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Lammermuir Hills

A historical perspective, drawn from the Ordnance Gazetteer of Scotland: A Survey of Scottish Topography, Statistical, Biographical and Historical, edited by Francis H. Groome and originally published in parts by Thomas C. Jack, Grange Publishing Works, Edinburgh between 1882 and 1885.

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Lammermuir Hills, a broad range of moorish heights, stretching eastward from the vale of Gala Water, in the SE extremity of Midlothian, to the German Ocean at the promontories of Fast Castle and St Abb's Head, in the parish of Coldingham, Berwickshire. From the middle of the lofty mountain-range which begins at Cheviot in Northumberland, and, passing into Scotland, extends across it to Loch Ryan, - from the most elevated part of it, called the Lowthers or the Hartfell Heights, at the meeting-point of the counties of Dumfries, Lanark, and Peebles, a less lofty and less remarkable range goes off north-eastward across Peeblesshire to the vale of the Gala, and, but for being cloven down by this vale, would join the Lammermuirs, so as to stretch unbroken to the sea. The Lammermuirs all lie within East Lothian and Berwickshire; commencing at the extreme western limit of these counties, forming, for two-thirds of their extent, a southern screen to East Lothian, and constituting - if the Lammermuir part of Lauderdale be included - nearly one-half of Berwickshire. The range forms, with the loftier and commanding chain of the Cheviots and the Lowthers, whence it diverges, the vast triangular basin of the Tweed, and overlooks, stretching away from its N base, the grand expanse of the great body of the Scottish Lowlands, till they are pent up by the stupendous barrier of the far-extending Grampians. In themselves the Lammermuirs are an extensive curvature of, for the most part, wild and cheerless heights - nowhere bold and imposing in aspect, and often subsiding into low rolling table-lands of bleak moor. - Once clothed with forest, they still have natural woods hanging on some of their steeps; but over their summits, and down their higher slopes, they are almost everywhere sprinkled only with heather. Yet lovers of pastoral seclusion may find pleasure in gazing on the great flocks of sheep which tenant their higher grounds; while agriculturists will look with satisfaction on the considerable ascents which have been made by the plough on their lower declivities. The soil in nearly all the upper parts is a light peat mould; and even in some of the lower parts - as in the parish of Westruther - is a swampy moss. But elsewhere the prevailing peat is mixed with sand and clay, or gives place to comparatively kindly soil; and in the vales and lower slopes, irrvgated by the numerous streams which are collected on the broad ridge, are belts of fertility and beauty. The geology is treated under Haddingtonshire. Besides Lammer Law (1733 feet) more than twenty summits exceed an altitude of 1200 feet above sea-level.—Ord. Sur., shs. 33, 34, 1863-64.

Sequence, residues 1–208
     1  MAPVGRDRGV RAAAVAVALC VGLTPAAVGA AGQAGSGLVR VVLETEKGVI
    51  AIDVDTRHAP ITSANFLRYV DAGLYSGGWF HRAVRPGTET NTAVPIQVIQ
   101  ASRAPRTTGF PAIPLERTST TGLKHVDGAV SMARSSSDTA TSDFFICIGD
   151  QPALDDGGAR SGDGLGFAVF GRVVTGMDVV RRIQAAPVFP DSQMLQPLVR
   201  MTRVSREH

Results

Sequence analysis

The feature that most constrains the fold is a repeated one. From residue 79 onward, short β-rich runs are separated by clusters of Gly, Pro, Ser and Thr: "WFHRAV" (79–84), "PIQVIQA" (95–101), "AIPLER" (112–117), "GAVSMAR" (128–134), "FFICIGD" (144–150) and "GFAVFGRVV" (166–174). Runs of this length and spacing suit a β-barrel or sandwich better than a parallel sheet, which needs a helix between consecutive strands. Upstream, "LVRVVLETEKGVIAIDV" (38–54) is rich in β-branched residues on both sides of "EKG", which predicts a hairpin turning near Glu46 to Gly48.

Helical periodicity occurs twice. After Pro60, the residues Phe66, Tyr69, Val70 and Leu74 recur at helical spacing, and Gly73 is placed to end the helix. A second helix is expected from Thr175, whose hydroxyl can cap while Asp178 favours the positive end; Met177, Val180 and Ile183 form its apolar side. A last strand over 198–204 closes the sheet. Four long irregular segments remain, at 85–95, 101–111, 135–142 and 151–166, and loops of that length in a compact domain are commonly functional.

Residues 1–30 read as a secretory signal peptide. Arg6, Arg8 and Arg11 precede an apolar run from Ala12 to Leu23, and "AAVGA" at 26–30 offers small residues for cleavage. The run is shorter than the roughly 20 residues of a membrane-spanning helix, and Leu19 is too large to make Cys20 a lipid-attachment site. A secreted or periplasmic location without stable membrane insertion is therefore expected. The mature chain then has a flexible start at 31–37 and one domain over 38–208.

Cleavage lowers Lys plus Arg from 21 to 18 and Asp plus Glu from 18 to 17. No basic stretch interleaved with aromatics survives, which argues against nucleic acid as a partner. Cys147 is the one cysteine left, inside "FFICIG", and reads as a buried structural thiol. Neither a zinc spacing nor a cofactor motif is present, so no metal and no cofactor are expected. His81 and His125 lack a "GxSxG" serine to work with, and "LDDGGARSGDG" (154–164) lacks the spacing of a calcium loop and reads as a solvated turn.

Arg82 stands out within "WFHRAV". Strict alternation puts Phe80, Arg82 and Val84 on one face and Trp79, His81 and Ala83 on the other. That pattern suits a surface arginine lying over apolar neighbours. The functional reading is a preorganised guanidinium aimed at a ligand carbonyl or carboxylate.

An accompanying 19th C. Ordnance Survey map is available, or use the map tab to the right of this page.

Note: This text has been made available using a process of scanning and optical character recognition. Despite manual checking, some typographical errors may remain. Please remember this description dates from the 1880s; names may have changed, administrative divisions will certainly be different and there are known to be occasional errors of fact in the original text, which we have not corrected because we wish to maintain its integrity. This information is provided subject to our standard disclaimer

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